by Peter Wagner, February 8, 2017
On Monday, arguments were heard in a federal court case challenging the Federal Communications Commission’s regulations of the prison and jail telephone industry. A decision is not expected for several months, but there are a few updates to share nevertheless.
Centurylink, Global Tel*Link, Pay Tel, Securus Technologies, and Telmate sued the FCC when it started regulating the industry. Shortly thereafter, the Prison Policy Initiative joined with the D.C. Prisoners’ Legal Services Project, Citizens United for Rehabilitation of Errants (CURE), The Campaign for Prison Phone Justice, and the Office of Communication, Inc. of the United Church of Christ as intervenors in support of the government respondents in the case, and we were all represented by the Institute for Public Representation at the Georgetown University Law Center. By joining the case, we could help the FCC defend its orders, and ensure that the unique interests of the families and other stakeholders were represented in the case. The recent presidential election made our 2013 decision to intervene especially important.
The presidential election reshuffled the seats at the FCC. Ajit Pai, a commissioner since 2012 was made Chairman, and even though Pai had previously condemned the market failure caused by the corrupt commission system, he ultimately voted against the FCC’s regulations of the industry. And on January 31, the FCC told the Court that it was not going to defend two aspects of the regulations. Even as the FCC refused to support its own regulations, our attorney, Andrew Schwartzman, was able to defend the FCC’s work before the Court. We’re glad we intervened.
We don’t know what the Court is going to decide, and we don’t yet know how or whether Chairman Pai wants the FCC to address what he saw as “market failure” in the prison and jail telephone market.
All of this will become clearer over the next few months, but that leaves us with the immediate question of what families with loved ones behind bars can expect to pay. That too is complicated, in part because the Court stayed part of the FCC’s regulations.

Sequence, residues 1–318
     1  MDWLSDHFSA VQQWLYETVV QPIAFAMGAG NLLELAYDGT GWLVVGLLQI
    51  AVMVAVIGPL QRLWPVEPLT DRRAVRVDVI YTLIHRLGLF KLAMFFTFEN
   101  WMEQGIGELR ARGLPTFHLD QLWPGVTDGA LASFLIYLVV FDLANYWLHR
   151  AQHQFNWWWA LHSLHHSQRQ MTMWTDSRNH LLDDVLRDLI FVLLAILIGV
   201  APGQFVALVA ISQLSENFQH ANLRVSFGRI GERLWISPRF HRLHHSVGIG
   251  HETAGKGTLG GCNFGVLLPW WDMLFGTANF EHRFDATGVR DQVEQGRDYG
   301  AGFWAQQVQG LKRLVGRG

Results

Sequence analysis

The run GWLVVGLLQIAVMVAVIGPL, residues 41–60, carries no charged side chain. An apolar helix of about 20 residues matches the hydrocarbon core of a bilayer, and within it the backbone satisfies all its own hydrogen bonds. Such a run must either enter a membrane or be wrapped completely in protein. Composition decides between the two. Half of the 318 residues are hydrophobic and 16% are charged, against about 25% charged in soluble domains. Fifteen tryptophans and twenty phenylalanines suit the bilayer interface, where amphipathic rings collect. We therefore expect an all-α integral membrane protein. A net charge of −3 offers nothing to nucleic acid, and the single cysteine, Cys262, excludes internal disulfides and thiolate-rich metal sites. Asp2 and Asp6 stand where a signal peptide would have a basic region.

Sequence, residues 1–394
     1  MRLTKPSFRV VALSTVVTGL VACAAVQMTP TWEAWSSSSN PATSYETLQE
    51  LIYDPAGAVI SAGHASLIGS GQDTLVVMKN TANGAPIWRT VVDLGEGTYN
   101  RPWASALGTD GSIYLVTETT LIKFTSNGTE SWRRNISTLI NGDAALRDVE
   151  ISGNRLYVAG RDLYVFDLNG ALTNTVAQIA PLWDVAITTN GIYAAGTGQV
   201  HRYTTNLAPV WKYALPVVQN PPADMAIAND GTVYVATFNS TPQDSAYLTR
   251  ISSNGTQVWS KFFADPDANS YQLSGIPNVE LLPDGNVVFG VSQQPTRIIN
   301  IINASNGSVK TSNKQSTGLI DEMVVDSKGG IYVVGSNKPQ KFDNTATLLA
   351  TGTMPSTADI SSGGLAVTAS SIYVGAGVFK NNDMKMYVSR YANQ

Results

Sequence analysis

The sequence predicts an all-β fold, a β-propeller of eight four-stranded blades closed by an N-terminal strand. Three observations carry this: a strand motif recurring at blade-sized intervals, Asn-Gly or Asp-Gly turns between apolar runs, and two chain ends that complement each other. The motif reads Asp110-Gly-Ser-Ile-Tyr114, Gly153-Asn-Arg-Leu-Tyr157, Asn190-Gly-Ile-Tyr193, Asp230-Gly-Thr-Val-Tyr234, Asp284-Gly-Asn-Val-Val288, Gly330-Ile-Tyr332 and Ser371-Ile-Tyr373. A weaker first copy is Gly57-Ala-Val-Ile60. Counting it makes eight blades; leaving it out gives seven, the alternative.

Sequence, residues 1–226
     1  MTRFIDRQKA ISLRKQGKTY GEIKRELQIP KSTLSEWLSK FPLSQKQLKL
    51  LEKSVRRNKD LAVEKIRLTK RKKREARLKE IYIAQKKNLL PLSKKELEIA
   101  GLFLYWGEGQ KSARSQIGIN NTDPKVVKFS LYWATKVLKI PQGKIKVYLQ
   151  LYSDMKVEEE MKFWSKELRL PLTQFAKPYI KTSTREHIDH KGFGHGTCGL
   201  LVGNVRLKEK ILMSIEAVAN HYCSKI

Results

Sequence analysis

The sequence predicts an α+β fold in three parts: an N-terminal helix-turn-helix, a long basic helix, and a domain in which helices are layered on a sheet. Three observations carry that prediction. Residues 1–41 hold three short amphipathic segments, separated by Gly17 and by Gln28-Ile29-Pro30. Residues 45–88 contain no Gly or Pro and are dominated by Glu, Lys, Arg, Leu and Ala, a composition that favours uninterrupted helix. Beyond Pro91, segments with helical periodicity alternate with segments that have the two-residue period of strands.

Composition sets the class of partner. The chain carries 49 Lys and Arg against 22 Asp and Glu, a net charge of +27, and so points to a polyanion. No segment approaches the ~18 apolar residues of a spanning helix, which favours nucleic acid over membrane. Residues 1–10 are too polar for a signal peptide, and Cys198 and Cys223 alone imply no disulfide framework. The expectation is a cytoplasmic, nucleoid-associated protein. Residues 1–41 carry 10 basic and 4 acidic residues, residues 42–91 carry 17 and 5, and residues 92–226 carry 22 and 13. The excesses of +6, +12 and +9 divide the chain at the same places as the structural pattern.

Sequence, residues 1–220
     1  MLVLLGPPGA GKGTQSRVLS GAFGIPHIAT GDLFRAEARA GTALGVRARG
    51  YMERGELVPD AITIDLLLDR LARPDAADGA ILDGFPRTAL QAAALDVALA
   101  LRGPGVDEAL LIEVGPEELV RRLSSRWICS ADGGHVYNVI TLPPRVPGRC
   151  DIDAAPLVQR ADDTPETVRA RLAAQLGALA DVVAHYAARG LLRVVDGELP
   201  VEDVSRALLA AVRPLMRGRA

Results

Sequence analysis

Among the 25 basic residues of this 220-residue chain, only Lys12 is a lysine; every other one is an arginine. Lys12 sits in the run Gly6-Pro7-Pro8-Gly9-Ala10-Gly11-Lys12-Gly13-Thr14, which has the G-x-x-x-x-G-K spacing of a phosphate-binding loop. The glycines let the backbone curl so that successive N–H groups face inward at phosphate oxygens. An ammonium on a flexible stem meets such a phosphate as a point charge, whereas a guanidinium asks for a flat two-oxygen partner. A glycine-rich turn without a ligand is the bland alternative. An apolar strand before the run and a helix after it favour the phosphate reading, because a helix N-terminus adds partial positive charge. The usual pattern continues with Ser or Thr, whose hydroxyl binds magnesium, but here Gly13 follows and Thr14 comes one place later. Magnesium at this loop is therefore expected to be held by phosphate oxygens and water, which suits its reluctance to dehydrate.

- For both prisons and jails, inter-state calls will continue to be capped at a maximum of $0.21-$0.25/minute for debit/prepaid or collect, respectively. (These are the rate caps that went into effect in February 2014. For now, in-state calls are not subject to rate caps.)
In addition, the abusive hidden fees for both inter-state and in-state calls, which our report Please Deposit All of Your Money: Kickbacks, Rates, and Hidden Fees in the Jail Phone Industry found can easily double the price of a call, are now capped at:
- Payment by phone or website: $3 (previously up to $10)
- Payment via live operator: $5.95 (previously up to $10)
- Paper bills: $2 (previously up to $3.49)
- Markups and hidden fees embedded within Western Union and MoneyGram payments: $0 (previously up to $6.95)
- Markups and hidden profits on mandatory taxes and regulatory fees: $0 (We’ve seen these markups and hidden profits on “mandatory” taxes be 25% of the cost of the call)
- All other ancillary fees: $0. (There are many of these charges. Some of the most egregious ones are $10 fees for refunds, $2.50/month for “network infrastructure” and a 4% charge for “validation”.)
Later, if we are successful in Court and nothing else happens:
- In-state calls will be capped at $0.21-$0.25/minute, just like interstate calls. (This is particularly important because 92% of calls from prisons and jails are in-state, and because in the absence of regulation, jails are increasing the cost of these calls to up to an exploitative $1.50 a minute.
- The companies will be prohibited from defying the FCC’s rate caps by steering families to abusive “single call” products like Text2Connect™ and PayNow™ that charge $9.99-$14.99 for a single call.